This Cabernet Franc has a deep, dark red colour. On the nose, it has robust aromas of black fruit and vanilla. The wine is refreshing with bright acidity and subtle, round tannins, with blackcurrant and spice on the finish.
- Winemaker: Gilles Feray
- Alcohol (ABV): 13.5 %
- Residual sugar: 0.5 g/l
- Case barcode: 3760078216273
- Bottle barcode: 3760078217041
The property comprises of 30 hectares of vines, situated on the left bank of the river Vienne. The grapes grow on varied soils in the Chinon appellation, and thrive depending on the type of vintage. In dry and hot years, the vines are best suited to clay, limestone soils and in the wetter and cooler years they grow better on sandy soils. The Cabernet Franc used to make the Chinon is sourced from 14 hectares of vines grown in the finest vineyards in the Chinon appellation.
After a hard frost in April, which had a great impact across the Loire Valley, the end of spring and summer was relatively clement, allowing the grapes to reach optimum maturity. The harvest itself was early, starting from 1st September. Although the difficult conditions resulted in a small harvest, the small size of the grapes resulted in excellent concentration and very high quality.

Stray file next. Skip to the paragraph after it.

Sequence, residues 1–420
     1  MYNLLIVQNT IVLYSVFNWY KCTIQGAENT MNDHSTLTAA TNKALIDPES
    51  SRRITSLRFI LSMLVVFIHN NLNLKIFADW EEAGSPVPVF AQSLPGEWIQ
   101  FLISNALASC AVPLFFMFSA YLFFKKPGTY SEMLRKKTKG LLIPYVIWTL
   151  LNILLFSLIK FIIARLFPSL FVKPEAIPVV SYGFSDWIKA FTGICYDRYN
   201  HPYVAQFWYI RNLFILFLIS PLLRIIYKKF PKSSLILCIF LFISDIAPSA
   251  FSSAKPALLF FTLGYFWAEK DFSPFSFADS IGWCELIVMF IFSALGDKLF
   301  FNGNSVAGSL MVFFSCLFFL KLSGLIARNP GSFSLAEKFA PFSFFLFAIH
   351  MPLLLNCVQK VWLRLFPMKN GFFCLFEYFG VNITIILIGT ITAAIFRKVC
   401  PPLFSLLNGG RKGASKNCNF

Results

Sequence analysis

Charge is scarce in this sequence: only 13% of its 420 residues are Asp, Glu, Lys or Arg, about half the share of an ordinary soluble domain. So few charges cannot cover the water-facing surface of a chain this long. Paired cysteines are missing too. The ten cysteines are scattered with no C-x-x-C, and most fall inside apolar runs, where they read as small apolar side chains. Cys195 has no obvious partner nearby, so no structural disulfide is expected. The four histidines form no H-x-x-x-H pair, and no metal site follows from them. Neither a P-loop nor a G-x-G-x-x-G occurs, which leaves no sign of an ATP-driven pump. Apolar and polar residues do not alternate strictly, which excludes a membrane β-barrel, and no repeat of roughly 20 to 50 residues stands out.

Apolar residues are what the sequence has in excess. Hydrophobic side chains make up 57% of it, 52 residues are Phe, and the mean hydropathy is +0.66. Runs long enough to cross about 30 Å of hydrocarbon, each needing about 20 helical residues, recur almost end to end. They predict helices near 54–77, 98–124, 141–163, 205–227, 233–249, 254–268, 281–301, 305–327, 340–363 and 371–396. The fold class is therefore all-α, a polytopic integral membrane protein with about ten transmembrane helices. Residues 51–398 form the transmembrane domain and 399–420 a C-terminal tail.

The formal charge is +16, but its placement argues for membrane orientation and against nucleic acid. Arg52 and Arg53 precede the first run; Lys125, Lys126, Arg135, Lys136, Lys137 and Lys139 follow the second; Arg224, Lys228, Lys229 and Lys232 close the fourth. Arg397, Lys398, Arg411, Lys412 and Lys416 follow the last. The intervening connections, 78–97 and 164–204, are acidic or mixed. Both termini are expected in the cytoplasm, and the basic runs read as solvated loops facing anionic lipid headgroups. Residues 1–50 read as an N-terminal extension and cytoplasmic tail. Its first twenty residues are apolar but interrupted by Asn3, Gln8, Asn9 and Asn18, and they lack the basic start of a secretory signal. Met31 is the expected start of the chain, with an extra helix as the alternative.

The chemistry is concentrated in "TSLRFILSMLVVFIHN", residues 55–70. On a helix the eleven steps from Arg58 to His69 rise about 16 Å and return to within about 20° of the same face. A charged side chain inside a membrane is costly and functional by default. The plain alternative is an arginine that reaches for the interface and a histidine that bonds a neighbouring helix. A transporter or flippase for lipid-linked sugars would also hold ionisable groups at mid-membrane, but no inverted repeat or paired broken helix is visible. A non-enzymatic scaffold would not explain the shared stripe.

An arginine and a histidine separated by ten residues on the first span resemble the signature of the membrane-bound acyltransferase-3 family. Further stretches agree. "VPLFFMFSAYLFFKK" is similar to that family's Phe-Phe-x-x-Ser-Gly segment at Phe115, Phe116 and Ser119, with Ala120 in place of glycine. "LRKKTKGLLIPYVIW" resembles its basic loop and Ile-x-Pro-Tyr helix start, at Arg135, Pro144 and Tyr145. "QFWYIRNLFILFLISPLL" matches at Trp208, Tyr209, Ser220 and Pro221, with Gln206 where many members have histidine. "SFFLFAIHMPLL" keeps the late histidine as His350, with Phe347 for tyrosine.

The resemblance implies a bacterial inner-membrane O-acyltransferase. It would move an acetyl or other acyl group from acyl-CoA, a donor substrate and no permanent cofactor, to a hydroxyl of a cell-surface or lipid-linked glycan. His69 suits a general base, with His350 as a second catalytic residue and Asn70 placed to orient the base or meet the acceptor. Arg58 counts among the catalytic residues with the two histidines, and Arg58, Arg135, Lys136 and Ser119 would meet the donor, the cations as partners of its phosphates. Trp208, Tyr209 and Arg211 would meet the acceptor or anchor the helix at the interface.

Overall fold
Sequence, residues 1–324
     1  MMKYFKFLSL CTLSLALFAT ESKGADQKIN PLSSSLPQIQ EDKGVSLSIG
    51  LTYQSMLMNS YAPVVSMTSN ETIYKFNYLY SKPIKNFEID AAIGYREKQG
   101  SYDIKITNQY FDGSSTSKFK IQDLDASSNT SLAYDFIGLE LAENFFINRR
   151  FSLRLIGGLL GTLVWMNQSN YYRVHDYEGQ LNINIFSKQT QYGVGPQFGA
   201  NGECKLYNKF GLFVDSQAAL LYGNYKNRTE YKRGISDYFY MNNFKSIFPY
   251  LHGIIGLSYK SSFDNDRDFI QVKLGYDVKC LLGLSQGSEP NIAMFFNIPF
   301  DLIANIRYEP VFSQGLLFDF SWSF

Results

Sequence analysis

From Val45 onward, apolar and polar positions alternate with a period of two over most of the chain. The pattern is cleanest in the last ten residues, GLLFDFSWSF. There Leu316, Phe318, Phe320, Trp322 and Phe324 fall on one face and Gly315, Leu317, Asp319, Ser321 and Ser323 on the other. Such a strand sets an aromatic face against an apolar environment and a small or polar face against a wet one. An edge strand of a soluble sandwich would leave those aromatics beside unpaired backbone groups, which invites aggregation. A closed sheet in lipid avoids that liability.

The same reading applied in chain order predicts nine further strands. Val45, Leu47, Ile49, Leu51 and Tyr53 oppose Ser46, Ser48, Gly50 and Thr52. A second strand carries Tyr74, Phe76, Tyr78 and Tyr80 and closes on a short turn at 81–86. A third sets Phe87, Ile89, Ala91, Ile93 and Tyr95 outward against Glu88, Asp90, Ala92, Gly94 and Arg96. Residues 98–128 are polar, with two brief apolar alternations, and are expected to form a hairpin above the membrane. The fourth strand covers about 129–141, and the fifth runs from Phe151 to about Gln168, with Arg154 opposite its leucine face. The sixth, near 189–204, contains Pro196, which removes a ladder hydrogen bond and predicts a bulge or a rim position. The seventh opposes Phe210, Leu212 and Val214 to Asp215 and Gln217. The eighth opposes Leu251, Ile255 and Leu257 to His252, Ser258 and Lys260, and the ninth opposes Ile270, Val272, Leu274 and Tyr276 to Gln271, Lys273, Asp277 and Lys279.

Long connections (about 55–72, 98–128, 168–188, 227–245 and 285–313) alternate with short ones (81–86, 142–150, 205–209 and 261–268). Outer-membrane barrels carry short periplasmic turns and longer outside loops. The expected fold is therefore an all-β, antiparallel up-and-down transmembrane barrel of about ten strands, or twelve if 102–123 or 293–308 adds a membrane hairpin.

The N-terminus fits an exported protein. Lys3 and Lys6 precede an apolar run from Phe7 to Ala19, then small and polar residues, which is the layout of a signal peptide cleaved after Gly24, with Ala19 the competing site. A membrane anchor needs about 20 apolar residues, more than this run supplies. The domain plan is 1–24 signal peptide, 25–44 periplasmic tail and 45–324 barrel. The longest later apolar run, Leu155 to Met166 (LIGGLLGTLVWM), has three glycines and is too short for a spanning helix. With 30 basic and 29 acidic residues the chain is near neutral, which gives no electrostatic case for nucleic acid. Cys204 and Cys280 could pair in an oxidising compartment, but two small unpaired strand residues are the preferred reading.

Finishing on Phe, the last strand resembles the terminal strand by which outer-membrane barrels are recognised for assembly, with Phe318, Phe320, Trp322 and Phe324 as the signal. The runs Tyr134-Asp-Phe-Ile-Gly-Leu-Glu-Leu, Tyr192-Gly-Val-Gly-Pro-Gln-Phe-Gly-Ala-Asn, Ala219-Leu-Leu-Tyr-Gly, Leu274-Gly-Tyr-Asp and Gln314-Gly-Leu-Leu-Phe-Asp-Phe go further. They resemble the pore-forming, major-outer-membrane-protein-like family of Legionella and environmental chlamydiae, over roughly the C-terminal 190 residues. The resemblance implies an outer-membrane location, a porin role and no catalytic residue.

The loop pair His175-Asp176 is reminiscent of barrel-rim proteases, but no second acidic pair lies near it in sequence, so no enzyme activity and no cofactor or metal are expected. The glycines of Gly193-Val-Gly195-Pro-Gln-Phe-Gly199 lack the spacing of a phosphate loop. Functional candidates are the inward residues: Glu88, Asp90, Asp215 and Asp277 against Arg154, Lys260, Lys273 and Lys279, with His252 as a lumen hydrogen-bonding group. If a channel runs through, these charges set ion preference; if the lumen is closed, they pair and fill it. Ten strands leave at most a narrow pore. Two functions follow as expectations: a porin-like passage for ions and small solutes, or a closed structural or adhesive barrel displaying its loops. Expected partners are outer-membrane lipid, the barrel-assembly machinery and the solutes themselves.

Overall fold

The grapes were destemmed and placed into stainless-steel tanks where they underwent a cold (10°C) pre-fermentation maceration for up to five days, this increased the extraction of aromas and soft tannins. Temperatures during the alcoholic fermentation did not exceed 22°C. The wine was run off and then underwent malolactic fermentation. Following racking, 10% of the wine was aged for 12 months in oak barrels.
The impressive Château Coudray-Montpensier, located in Chinon, has a rich history that dates to the heart of the Middle Ages (1090 AD). The castle was built during the 14th century and was owned by a succession of nobility. In 1492, during the Hundred Years’ War, Joan of Arc stayed in the castle’s tower. She was waiting for an audience with King Charles VII of France to organise an attack against the English to relieve the French troops at the siege of Orléans. After various owners during the 19th and 20th centuries, the property was eventually acquired by Dr. Christian Feray in 2005, who undertook major restorations to transform it into a cultural and gastronomic landmark.